Ellis agreed, noting that tech is often an enabler of direct person-to-person relationships rather than a replacement for them:
“The best example I've seen of that is a company called The Hoxby Collective. It's a freelancer community that's all virtual, but what they do is use technology in a really smart way.
“They use Slack, and they have various different threads on there, and some of the threads are intentionally... almost like 'water cooler chats,' so that you're getting some of that social interaction. The other thing they do is meet-ups based on where you live. So [say] I live out near Hampton Court; if you were like 'Right, I live in that kind of area,' they take it in turns to go and meet up in a coffee shop or share each other's kitchen.”
While the panel was open about the realities and pitfalls surrounding flexible working, they also stressed that the benefits are worth it, particularly in the creative industries. The advice from Whitehouse was: “Let’s all go rogue” stressing that when it comes to future of work, organisations need to look at changing their traditional approach to work. Frogley adds that as an industry, we need to question what needs to evolve to enable people to work more collaboratively across different disciplines, divisions and organisations.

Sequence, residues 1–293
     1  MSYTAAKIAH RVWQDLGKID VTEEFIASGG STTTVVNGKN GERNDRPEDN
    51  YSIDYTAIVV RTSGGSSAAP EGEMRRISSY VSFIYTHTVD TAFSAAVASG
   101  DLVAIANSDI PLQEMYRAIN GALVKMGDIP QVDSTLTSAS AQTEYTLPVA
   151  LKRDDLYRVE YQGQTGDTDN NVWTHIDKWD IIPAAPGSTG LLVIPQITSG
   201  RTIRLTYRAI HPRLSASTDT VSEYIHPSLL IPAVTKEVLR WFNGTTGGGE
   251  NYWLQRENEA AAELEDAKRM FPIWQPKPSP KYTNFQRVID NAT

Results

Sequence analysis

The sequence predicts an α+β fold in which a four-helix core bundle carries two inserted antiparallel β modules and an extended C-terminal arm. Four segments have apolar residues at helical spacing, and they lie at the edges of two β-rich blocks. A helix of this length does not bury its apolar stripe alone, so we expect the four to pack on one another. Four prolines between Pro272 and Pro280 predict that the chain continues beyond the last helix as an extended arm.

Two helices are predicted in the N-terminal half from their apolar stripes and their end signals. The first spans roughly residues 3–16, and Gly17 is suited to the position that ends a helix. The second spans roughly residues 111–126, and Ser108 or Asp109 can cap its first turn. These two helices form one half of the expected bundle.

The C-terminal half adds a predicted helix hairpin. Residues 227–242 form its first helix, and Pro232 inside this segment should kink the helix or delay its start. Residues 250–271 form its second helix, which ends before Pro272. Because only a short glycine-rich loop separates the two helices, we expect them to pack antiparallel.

While investing in the frameworks and tech infrastructure that underpins that new working culture can be a challenge, the reality is that the genie is out of the bottle for flexible working, and that the best future workplaces will be ones that encourage greater freedom for their employees.